Federal Privatization Efforts
INS Implements Detention Standards
The Internal Revenue Service ("INS") will implement its Detention Operations Manual ("Detention Standards"), which provides uniform policies and procedures for the treatment of individuals detained by INS, at INS-owned facilities in January 2001. Over the next two years, these standards will be phased into INS contracts with private prison providers, as well as state and local facilities under arrangements known as Intergovernmental Service Agreements.
There are thirty-six standards, which detail INS's expectations for the handling of detainees in all INS Service Processing Centers, Contract Detention Facilities ("CDFs") and state and local government custodial facilities that house INS detainees for over seventy-two hours. All detention policies and procedures must be posted in the law library and contained in a detainee handbook, which is provided to each detainee upon admission. The new standards treat INS detainees in federal and contract facilities equally, and are based on current INS detention policies, Federal Bureau of Prisons' Program Statements, and the American Correctional Association Standards for Adult Local Detention Facilities. However, four new access standards have been included, regarding visitation, access to legal materials, telephone access, and group presentations on legal matters. A quick analysis of these standards will prove useful to private prison companies operating CDFs for the INS.
INS Detention Operations Manual
Look for the Corrections Contractor at the ACA Winter Conference
Joe Summerill, the Corrections Contractor's editor, will be attending the American Correctional Association's Winter Conference, January 22 - 24, 2000 in Nashville, Tennessee. Joe will be available to answer your questions regarding past articles and will be open to your suggestions for future articles.
Question & Answer
DOJ Procurement Resources for Contractors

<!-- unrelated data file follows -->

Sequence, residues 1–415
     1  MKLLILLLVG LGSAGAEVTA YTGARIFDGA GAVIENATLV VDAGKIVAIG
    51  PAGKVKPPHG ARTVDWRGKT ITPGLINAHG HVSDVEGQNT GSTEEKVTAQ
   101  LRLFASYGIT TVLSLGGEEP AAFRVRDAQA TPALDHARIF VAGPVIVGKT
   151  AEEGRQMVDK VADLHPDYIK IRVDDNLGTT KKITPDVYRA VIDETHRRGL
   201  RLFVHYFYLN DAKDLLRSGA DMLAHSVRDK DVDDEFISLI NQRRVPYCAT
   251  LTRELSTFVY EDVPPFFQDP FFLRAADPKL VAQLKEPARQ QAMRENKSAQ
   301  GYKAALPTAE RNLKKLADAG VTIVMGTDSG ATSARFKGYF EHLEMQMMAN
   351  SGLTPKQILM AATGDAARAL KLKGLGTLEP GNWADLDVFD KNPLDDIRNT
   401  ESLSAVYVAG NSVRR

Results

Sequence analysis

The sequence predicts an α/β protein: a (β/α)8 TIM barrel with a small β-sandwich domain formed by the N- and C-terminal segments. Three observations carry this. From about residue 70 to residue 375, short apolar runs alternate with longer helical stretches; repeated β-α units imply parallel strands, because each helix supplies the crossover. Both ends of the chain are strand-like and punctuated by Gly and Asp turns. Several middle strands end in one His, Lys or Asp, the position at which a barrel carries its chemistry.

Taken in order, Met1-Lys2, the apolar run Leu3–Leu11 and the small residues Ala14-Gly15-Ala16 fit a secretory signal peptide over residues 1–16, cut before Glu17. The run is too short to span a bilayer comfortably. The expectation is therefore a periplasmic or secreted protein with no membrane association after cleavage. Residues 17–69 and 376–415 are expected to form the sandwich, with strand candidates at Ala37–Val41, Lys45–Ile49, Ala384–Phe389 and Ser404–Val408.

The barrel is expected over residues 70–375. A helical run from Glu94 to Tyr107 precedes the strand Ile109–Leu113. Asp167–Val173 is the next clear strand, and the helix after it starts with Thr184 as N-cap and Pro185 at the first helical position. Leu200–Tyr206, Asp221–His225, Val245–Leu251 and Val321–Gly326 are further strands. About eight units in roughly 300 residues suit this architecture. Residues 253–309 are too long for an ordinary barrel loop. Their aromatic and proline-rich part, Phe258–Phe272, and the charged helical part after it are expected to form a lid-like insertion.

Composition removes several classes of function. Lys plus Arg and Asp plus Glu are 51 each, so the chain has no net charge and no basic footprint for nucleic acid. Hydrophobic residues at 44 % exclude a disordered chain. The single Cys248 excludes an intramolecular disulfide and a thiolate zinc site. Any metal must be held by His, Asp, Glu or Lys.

Q. How can a government contractor find out about procurement opportunities at the Department of Justice?
A. For government contractors interested in procurement opportunities at the U.S. Department of Justice ("DOJ"), the agency has created a Procurement Services Staff ("PSS") within the Justice Management Division ("JMD"). PSS consists of approximately 35 contract specialists and purchasing agents, who provide procurement support primarily to the Antitrust Division, Civil Division, Civil Rights Division, Criminal Division, Environment and Natural Resources Division, Tax Division and U.S. Attorneys, but also other DOJ components such as the U.S. Trustees Office. The products and services procured by PSS range from basic administrative support services to major information technology systems and services. Approximately 20% of the contracts awarded by PSS go to small business concerns and 3% to small disadvantaged business concerns.
DOJ Procurement Opportunities
DEA Wins Protest – A Lesson in Requesting a Debriefing and Amending a Protest
The Drug Enforcement Agency ("DEA") successfully defended a protest by Norvar Health Services ("Norvar") regarding a contract initially awarded to Norvar and then terminated when Hunter Medical ("Hunter"), a unsuccessful offeror, filed a GAO protest alleging that the award was improper. As a result of the Hunter protest to GAO, DEA reopened discussions and requested final revised proposals from all offerors in the competitive range.
Norvar protested DEA's decision to terminate and resolicit the contract. It also alleged that Hunter had obtained competitive advantage during its debriefing when it was told the specifics of Norvar's proposal.
Norvar first pursued an agency-level protest. DEA held that it properly elected to take corrective action after an evaluation revealed that Norvar's proposal was noncompliant because it did not propose a qualified individual for the particular position, as required in the statement of work. Norvar then filed a GAO protest, arguing that none of the improprieties alleged by Hunter's protest required DEA to reopen the competition and allow submission of revised prices. However, Norvar did not protest DEA's determination that its proposal was ineligible for award. As a result, GAO held that Norvar was not an interested party and lacked the direct economic interest necessary to protest DEA's decision. GAO did, however, acknowledge that a question remained as to whether DEA abused its discretion by reopening the competition and allowing offerors to reprice their proposals after viewing Norvar's price.
Bid Protest Decisions
New IRS Ruling to Benefit Many Small Businesses
Effective January 1, 2001, many small businesses, including small correction contractors, will be allowed to make federal employment tax payments on a quarterly basis, rather than on a monthly basis. Under a December 6, 2000 ruling by the IRS, the threshold for businesses allowed to make quarterly payments has changed from "less than $1,000" to "less than $2,500" in quarterly employment taxes. The change will effect approximately 1 million small businesses, which account for approximately 13 percent of the $52.7 billion collected in employment tax deposits.
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